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New Jersey lawmakers demand investigation of Ørsted over port upgrades

Saying they are concerned that Ørsted A/S has failed to live up to its commitments to the state, three New Jersey lawmakers in a letter asked the Board of Public Utilities to "immediately suspend the approval" of the company's proposed 1,100-MW Ocean Offshore Wind Farm.

Senate President Stephen Sweeney, Assembly Deputy Parliamentarian Adam Taliaferro and Assembly Deputy Speaker John Burzichelli in the Sept. 9 letter requested an "investigation into potential misrepresentations that Ørsted made" in its application to utility regulators regarding upgrades to the state's Paulsboro Marine Terminal to support offshore wind construction. The three Democrats addressed the letter to Board of Public Utilities President Joseph Fiordaliso.

Ocean Wind entered into a memorandum of understanding with Erndtebrücker Eisenwerk GmbH & Co. KG "to spur location" of a factory in Paulsboro, N.J., which "may be enlarged in its scope of activities as the Atlantic Coast offshore wind industry grows," the letter said. That process is not underway, the letter claimed.

The legislators also said that Ocean Wind made commitments to the South Jersey Building and Construction Trades Council to hire only union labor for construction and to establish a trust with a $15 million investment to "enable minority and women business enterprise and small business entry into the offshore wind industry.” While the letter did not explicitly state that the company has failed to meet those commitments, the lawmakers asked utility regulators to investigate their concerns, and, if they are validated, to “terminate the award and immediately commence a new and more transparent process for Offshore Wind applicants.”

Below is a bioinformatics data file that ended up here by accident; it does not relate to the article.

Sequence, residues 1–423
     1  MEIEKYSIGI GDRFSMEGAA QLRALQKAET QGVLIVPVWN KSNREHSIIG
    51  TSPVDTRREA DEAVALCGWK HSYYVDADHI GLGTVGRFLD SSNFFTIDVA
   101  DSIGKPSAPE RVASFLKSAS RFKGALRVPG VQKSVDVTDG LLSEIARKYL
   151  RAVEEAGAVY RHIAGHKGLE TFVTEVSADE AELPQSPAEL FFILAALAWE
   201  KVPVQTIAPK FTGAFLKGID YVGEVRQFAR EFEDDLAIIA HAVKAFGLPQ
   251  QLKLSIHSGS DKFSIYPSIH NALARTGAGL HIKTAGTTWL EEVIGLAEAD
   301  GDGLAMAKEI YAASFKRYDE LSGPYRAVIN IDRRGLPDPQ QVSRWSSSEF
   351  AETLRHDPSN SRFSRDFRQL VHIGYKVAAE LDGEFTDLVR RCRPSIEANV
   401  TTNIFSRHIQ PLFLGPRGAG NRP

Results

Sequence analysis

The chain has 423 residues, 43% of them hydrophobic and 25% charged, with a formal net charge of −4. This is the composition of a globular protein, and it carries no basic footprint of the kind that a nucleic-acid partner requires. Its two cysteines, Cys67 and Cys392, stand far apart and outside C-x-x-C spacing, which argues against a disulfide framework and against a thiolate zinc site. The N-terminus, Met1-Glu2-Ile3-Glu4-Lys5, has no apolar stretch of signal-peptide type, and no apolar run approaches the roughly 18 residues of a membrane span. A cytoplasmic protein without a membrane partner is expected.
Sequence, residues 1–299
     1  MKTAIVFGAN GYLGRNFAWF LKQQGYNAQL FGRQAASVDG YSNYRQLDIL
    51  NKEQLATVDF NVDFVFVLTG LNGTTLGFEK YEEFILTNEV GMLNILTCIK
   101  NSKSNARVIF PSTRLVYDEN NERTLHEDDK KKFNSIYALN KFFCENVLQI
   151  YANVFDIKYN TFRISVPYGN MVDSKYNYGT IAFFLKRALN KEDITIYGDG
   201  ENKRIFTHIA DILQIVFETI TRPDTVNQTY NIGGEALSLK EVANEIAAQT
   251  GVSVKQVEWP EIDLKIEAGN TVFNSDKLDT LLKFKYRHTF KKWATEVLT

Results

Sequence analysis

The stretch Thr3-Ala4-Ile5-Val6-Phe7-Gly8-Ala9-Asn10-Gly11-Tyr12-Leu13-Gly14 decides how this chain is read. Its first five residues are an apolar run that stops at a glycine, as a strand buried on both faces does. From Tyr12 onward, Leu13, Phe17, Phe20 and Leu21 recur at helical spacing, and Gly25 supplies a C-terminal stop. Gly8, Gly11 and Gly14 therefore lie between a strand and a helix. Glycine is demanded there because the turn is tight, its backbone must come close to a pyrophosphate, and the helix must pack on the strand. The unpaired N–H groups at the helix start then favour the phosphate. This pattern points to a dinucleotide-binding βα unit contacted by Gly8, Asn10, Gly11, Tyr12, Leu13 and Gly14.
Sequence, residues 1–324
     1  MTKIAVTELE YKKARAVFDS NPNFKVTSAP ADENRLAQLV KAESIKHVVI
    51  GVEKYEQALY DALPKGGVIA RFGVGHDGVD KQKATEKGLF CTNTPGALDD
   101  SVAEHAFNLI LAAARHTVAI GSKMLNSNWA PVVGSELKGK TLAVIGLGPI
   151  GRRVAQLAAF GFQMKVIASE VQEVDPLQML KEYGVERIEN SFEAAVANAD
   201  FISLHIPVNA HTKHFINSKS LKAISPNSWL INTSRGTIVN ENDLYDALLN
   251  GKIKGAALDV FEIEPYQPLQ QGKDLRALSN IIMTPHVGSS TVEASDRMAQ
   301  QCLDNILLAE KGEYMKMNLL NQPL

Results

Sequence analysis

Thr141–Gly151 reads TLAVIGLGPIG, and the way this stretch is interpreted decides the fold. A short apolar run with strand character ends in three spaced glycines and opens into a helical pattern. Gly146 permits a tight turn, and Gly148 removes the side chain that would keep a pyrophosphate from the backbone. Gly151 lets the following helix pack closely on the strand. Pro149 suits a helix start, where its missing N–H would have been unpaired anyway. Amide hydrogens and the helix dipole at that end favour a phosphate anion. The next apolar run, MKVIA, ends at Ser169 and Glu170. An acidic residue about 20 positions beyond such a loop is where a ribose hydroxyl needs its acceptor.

Talks on using the Paulsboro Port to support offshore wind farms have been underway since at least 2016. On the same day lawmakers sent the letter, utility regulators approved unanimously the state's offshore wind plan. The plan said the enhancements to the 200-acre Paulsboro Marine Terminal, which could cost more than $230 million, will enable it to support offshore wind component construction by 2023.

In June, New Jersey Gov. Phil Murphy announced the state would move forward with $400 million in port investments.

New Jersey has an offshore wind target of 7,500 MW online by 2035. New Jersey, in June 2019, selected Ørsted for its first offshore wind solicitation for the Ocean Wind project, which is to be built 15 miles off the coast of Atlantic City. The Board of Public Utilities voted unanimously to open an application for 1,200 MW to 2,400 MW of offshore wind capacity. Applications are due in December, and regulators are expected to make a decision in June 2021.

Lauren Burm, an Ørsted spokeswoman, said in a statement that, "We are surprised by what we read and do not agree with what the letter is suggesting."

"We are still in the early stages of developing the state's first commercial scale offshore wind farm," she said. "The process from start to finish is about seven years and we are well on our way and working hard with our partners toward carefully and mindfully delivering on our $695 [million] in-state spend commitment."

A spokesman for the Board of Public Utilities did not respond to a request for comment.